- The meaning of the word “feminist” has not really changed since it first appeared in a book review in the Athenaeum of April 27, 1895, describing a woman who “has in her the capacity of fighting her way back to independence.” It is the basic proposition that, as Nora put it in Ibsen's A Doll's House a century ago, “Before everything else I'm a human being.” It is the simply worded sign hoisted by a little girl in the 1970 Women's Strike for Equality: I AM NOT A BARBIE DOLL. Feminism asks the world to recognize at long last that women aren't decorative ornaments, worthy vessels, members of a “special-interest group”. They are half (in fact, now more than half) of the national population, and just as deserving of rights and opportunities, just as capable of participating in the world's events, as the other half. Feminism's agenda is basic It asks that women not be forced to “choose” between public justice and private happiness. It asks that women be free to define themselves — instead of having their identity defined for them, time and again, by their culture and their men.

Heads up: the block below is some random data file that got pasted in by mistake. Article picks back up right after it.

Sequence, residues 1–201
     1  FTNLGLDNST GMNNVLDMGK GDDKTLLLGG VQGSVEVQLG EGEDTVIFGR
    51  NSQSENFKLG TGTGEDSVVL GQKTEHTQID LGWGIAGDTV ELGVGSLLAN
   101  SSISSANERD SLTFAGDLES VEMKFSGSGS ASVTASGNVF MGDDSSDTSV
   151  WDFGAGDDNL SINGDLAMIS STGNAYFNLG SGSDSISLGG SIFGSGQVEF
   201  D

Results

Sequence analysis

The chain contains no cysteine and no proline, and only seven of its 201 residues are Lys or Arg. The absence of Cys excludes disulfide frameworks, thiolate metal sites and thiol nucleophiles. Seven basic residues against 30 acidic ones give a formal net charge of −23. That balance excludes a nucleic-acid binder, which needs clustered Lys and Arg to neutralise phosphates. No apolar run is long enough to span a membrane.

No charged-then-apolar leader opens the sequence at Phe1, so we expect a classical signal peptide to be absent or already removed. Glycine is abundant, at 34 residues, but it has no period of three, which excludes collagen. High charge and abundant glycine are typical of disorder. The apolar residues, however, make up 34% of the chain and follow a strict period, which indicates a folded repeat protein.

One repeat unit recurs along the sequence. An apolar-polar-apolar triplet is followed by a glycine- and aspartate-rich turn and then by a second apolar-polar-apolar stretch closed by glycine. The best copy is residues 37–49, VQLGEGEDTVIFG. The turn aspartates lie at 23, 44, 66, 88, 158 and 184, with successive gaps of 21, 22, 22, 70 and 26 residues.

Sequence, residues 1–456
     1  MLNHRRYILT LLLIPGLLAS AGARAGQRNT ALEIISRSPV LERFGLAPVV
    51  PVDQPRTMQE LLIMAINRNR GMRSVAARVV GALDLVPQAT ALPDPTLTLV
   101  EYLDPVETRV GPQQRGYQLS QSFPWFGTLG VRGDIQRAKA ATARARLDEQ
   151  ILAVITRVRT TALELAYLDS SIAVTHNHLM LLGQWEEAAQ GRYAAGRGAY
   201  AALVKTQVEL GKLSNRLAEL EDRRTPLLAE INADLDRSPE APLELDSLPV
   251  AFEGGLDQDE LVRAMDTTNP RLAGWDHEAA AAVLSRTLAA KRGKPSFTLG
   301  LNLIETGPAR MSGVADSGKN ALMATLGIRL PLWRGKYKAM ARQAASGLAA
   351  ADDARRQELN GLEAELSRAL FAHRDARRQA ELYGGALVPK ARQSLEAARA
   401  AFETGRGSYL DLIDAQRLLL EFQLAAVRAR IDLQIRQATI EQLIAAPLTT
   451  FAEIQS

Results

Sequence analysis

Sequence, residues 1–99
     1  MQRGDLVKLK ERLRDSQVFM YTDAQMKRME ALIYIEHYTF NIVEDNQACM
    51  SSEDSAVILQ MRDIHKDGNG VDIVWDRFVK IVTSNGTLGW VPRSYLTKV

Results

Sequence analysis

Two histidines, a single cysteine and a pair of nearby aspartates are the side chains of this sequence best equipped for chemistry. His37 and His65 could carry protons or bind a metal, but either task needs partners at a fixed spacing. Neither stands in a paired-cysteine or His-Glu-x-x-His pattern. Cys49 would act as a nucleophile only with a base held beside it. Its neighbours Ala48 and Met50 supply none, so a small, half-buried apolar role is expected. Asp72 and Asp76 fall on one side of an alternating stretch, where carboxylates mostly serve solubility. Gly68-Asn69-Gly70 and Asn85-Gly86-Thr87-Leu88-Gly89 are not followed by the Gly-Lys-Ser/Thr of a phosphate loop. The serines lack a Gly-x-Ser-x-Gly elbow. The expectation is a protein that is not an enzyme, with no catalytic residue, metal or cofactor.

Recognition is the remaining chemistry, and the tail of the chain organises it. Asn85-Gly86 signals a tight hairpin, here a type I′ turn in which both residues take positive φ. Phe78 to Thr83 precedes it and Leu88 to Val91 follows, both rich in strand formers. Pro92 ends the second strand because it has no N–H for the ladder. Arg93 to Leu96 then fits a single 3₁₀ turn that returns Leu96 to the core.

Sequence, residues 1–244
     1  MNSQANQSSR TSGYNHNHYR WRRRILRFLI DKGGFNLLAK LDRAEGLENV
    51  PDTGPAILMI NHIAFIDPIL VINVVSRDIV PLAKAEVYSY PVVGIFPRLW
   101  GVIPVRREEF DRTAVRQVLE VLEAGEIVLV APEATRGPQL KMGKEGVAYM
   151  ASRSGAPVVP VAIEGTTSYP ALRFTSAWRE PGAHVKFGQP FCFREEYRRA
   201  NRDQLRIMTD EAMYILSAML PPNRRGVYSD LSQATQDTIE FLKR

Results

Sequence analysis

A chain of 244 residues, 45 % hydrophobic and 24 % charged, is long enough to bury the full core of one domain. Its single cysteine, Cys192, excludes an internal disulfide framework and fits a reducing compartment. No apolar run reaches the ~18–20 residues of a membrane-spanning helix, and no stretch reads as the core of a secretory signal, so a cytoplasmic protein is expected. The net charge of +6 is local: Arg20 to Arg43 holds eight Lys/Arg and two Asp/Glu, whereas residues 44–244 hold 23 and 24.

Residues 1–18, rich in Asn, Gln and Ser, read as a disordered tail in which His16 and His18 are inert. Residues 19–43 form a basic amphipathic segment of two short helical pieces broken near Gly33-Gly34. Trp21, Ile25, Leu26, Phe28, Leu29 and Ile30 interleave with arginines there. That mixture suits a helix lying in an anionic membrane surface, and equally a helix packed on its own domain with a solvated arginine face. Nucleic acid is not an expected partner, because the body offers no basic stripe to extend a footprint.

- Feminist author Susan Faludi argues in the New York Times that feminists never said believe all women—you only have to believe some women. It is Ms. Faludi’s contention that "unprincipled" conservatives inserted the "all," and hung it around the necks of unsuspecting feminists. Ms. Faludi has spent mind-numbing hours in Harvard Schlesinger Library tracking this idea. Why did she embark on this tedious task? Two words: Tara Reade.
- Charlotte Hays "Feminist Author: We Never Said Believe ALL Women" Independent Women's Forum (19 May 2020)
- SusanFaludi.com - official website
- Critical Resources: Susan Faludi.
- Faludi's Pulitzer Prize-winning story on the Safeway LBO
- Booknotes interview with Faludi on Backlash, October 25, 1992.
- "Macho Security State" by John Leonard in The New York Times (14 October 2007)
- "9/11 Is Seen as Leading to an Attack on Women" by Michiko Kakutani in The New York Times (23 October 2007)
- "Warren Farrell vs. Susan Faludi" -critical examination of the differences and similarities of Faludi's "Stiffed" and Farrell's "Women Can’t Hear What Men Don’t Say"
- "Video: Susan Faludi - The Terror Dream: Fear and Fantasy in Post-9/11 America" (19 October 2007)
- "Fear and Fantasy in post 9/11 America" interview with Phillip Adams on ABC Radio National (14 April 2008)